posted: 09/21/2014 2:10 a.m.
One of the differences between art and science is that, given the proper controls, science insists on the repeatability of experience, while art argues all experience is relative and peculiar. Romance lives in our margins for error -- what the lover of vinyl records perceives as authentic warmth is really distortion and cyclic wow and flutter.
posted: 09/21/2014 1:54 a.m.
Anyone who encourages others to routinely eavesdrop on their internal monologue runs the risk of being misconstrued, so let me state for the record that I am basically a boy.
posted: 09/19/2014 2:49 a.m.
God bless Kevin Smith.
posted: 09/19/2014 2:13 a.m.
The Last of Robin Hood opens in 1959 with the death of "the hero of a generation, equally known for his swashbuckling in public and in private," Errol Flynn at age 50. We quickly learn of the salacious details -- Flynn died in the arms of a "much younger girlfriend" -- via the device of a behatted radio reporter talking down his skinny microphone into his reel-to-reel tape recorder as he awaits the girl's imminent arrival at a Hollywood airport. As she disembarks, popping flash bulbs and probing questions cause the girl to swoon.
posted: 09/14/2014 2:24 a.m.
There is a part of me that believes that popular music ought to be experienced in a semi-feral setting, that somehow moving it into a theater or any venue with assigned seating places a governor on our potential enjoyment. This is, at best, a superstition based on experience. The best shows I remember have generally been held in small venues by performers who were more respected than famous.
posted: 09/14/2014 2:23 a.m.
I confess I haven't quite finished reading Perfidia (Knopf, $28.95), Los Angeles-based crime novelist James Ellroy's latest novel and the first in what he says will be a new L.A. Quartet. It is a kind of prequel to the series of novels he wrote from 1987 to 1992 -- The Black Dahlia, The Big Nowhere, L.A. Confidential and White Jazz -- that were set in Los Angeles between 1946 and 1958.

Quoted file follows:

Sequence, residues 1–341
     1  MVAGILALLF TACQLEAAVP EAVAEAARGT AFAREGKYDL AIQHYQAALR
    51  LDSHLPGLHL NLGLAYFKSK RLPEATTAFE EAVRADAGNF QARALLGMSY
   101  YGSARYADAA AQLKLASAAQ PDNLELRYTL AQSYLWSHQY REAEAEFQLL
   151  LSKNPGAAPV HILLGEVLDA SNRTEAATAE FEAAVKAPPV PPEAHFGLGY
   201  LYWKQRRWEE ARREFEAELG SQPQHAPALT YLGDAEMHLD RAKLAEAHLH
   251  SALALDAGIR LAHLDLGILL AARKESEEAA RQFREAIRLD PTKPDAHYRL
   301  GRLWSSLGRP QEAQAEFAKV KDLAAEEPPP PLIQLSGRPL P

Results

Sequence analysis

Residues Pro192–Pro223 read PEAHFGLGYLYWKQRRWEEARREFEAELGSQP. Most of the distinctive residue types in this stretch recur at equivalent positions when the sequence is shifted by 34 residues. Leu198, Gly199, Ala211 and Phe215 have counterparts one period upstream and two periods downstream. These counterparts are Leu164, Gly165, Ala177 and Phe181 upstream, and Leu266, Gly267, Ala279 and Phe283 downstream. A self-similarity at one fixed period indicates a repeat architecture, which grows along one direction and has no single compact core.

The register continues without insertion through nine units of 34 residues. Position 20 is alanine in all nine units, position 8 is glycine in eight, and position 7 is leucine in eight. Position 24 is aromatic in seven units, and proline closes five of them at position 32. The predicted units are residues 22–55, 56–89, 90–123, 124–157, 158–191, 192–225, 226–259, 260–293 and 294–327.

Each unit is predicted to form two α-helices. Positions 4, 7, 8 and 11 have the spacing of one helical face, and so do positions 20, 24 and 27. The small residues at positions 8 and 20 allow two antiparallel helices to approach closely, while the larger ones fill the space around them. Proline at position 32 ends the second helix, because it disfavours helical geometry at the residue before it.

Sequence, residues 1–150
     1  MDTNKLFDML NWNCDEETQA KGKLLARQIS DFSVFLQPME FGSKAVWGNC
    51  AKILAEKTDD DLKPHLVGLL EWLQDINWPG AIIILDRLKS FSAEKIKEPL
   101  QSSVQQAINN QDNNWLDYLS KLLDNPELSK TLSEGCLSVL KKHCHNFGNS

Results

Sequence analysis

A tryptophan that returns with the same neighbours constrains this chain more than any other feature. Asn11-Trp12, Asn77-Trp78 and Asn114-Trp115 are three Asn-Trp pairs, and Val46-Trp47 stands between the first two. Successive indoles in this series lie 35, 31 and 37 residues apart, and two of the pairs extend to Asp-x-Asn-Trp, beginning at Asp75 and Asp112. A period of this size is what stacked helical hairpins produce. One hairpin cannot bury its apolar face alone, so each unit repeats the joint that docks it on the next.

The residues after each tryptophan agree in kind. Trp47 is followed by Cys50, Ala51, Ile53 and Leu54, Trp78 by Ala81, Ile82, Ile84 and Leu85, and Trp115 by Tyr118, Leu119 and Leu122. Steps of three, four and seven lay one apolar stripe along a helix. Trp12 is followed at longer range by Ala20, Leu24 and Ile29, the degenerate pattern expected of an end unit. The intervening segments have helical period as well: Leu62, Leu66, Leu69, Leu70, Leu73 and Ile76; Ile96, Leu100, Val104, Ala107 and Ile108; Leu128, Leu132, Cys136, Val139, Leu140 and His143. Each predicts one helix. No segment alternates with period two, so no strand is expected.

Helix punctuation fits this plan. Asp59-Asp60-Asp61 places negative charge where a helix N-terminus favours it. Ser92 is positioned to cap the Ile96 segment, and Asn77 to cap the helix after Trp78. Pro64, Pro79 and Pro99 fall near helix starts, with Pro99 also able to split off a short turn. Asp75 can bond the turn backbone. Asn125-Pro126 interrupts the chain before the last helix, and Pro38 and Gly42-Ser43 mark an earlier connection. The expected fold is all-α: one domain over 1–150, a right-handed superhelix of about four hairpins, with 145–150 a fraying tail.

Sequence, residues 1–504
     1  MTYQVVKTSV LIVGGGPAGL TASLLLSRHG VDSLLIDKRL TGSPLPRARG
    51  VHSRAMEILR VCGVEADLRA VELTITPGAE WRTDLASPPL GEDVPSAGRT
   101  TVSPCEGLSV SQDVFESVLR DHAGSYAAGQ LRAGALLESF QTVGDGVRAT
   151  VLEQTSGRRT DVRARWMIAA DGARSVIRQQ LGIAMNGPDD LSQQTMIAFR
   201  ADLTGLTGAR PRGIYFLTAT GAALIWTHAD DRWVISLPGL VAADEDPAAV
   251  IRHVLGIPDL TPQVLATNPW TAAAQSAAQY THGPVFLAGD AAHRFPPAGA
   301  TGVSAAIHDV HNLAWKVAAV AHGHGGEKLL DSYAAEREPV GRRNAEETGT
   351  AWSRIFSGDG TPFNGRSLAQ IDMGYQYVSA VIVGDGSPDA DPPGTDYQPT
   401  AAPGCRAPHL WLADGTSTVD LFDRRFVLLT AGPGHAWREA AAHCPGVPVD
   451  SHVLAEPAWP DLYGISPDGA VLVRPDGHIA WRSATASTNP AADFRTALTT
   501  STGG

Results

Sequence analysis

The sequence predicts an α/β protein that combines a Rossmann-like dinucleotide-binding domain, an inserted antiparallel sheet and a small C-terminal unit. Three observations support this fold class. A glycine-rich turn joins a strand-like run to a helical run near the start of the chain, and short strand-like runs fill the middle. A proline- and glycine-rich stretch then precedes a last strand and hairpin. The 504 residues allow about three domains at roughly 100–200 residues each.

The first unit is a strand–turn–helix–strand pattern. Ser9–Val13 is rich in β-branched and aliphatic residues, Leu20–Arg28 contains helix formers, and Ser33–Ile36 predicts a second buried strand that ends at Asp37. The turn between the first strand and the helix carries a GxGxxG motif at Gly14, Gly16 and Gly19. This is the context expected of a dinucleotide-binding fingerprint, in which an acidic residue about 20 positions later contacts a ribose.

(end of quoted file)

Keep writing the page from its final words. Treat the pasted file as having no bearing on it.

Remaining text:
posted: 09/14/2014 2:09 a.m.
BROOKLYN, N.Y.--Africa is much bigger than you think it is if you grew up looking at Mercator projection maps. Those are the maps we hang on the walls in our schools, that we reprint in textbooks.
posted: 09/07/2014 2:29 a.m.
A few days ago, a friend asked his Facebook constituency what event from Arkansas history they'd like to see re-enacted on the Comedy Central show Drunk History. Within minutes he had a number of responses: The Brooks-Baxter War.
posted: 09/07/2014 2:02 a.m.
The Supreme Critic on the errors of the past and the present, and the only prophet of that which must be, is that great nature in which we rest, as the earth lies in the soft arms of the atmosphere; that Unity, that Over-soul, within which every man’s particular being is contained and made one with all other, that common heart. — Ralph Waldo Emerson, “The Over-Soul" If you have a chance between now and Oct. 18, you should drop by Little Rock’s Cantrell Gallery and take a look at the John Deering exhibit, “The Arkansas Traveler.”
updated: 09/05/2014 1:54 a.m.
A couple of weeks ago, during the podcast we've started doing for our public radio station, we touched on the subject of plot-light movies such as Richard Linklater's Boyhood and Guardians of the Galaxy. As obviously different -- and excellent in their own ways -- as these films are, neither is as much about what happens as the way in which it happens.
posted: 09/05/2014 1:53 a.m.
There's a remote feeling to Jalil Lespert's bio-pic of Yves Saint Laurent, the French fashion designer who died in 2008, that suits the world the man apparently lived in -- the louche luxury of what used to be called the "jet set." While at no point should we imagine that we actually learn much about "the genius" at the center of the story, it might be enough to vicariously experience the furious flutter of the beautiful exotics who populate the ateliers and nightclubs in which he dwelt.
posted: 08/31/2014 3:09 a.m.
"Cash, in narrative and song, documents the tragic history of the American Indian."
posted: 08/31/2014 3:08 a.m.
There are any number of reasons a writer might decide to write under a pseudonym, and some of them are innocent. Just over a year ago I wrote about Holy Orders, a faux genre mystery written by distinguished English author John Banville under the pen name Benjamin Black.
posted: 08/31/2014 2:04 a.m.
I've always presumed that if you're reading this column, things aren't so bad for you.
posted: 08/29/2014 2:09 a.m.
Watching Jeff Baena's Life After Beth, my mind kept turning to the HBO series The Leftovers.